Hey! Listen to Head Wound City!

In the most recent Heavy Blog playlist swap, Simon and I traded off on some pretty awesome bands, with one group in particular shining above the rest for me: Head Wound City, a noise supergroup containing members associated with bands like The Locust, Yeah Yeah Yeahs, Retox, The Blood Brothers, and Cold Cave, who’s debut A New Wave of Violence came out earlier this May. I, admittedly, described the band as “noisy hardcore played by indie rock musicians,” which is a bit of a misnomer. While Nick Zinner (drummer of the Yeah Yeah Yeahs) is indeed a part of HWC, the band is nothing short of intense hardcore, unafraid to follow their own sense of musicianship in a scene full of noisy rock bands.

I articulate: the way this group plays their music is a touch out of sync with the rest of the hardcore/noise rock scene today. While a band like The Dillinger Escape Plan will basically lunge at your throat from the song’s beginning, Head Wound City is a bit more reserved in its attack, choosing instead to stalk for a bit before going in for the kill. Even when they do pounce, HWC doesn’t always feel the need to turn the amps to 11. They have some self-control, sometimes using simple spoken word passages and basic yelling instead of the full-on hardcore scream. It’s as if there’s more of an influence from alternative rock than most other bands in this scene would admit to. And, considering the strong attack of frontman/singer Justin Pearson’s other projects, this divide is much more obvious.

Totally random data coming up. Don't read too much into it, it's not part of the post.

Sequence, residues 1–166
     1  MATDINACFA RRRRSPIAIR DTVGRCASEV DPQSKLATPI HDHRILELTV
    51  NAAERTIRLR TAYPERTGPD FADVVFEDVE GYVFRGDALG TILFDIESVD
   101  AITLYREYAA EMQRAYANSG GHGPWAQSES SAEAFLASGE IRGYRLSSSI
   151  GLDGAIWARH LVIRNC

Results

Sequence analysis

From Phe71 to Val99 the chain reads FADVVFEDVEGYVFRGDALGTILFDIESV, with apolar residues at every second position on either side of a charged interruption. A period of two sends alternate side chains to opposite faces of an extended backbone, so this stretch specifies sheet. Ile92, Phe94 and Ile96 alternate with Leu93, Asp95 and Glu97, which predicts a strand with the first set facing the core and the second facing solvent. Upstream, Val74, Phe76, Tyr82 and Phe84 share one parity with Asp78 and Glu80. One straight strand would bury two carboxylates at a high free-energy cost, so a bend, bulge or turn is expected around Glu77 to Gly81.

Take Pearson’s band Retox, and their fantastic 2015 release Beneath California as a good example, where tracks like “We Know Who’s The Prick” and “Let’s Not Keep In Touch” start with tons of feedback and riffs that are liable to start riots right out of the gates and generally filled with a cool amount of energy. It’s not that Head Wound City doesn’t have energy or doesn’t play noise rock, but their approach to the genre just feels completely different. In a way, it’s lighter. Airier. The production feels like the highs are accentuated much more than the lows or the mids. Musically, it includes a decent amount of electronic elements also, with some well-placed buzzy synths providing a cool relief and a nice beat to the album.

To be clear: this approach really isn’t bad; in fact, it’s really cool. The moments of waiting tension make A New Wave of Violence so distinctive and fun that it warrants multiple listens. Of course there are times of wildness; the record overall has some insane moments of punk fury (though “Palace of Love and Hate” and “Closed Casket” are the most overtly angry).

So, if you want some incredibly well-written (and performed) hardcore, I highly, highly suggest Head Wound City and A New Wave of Violence.

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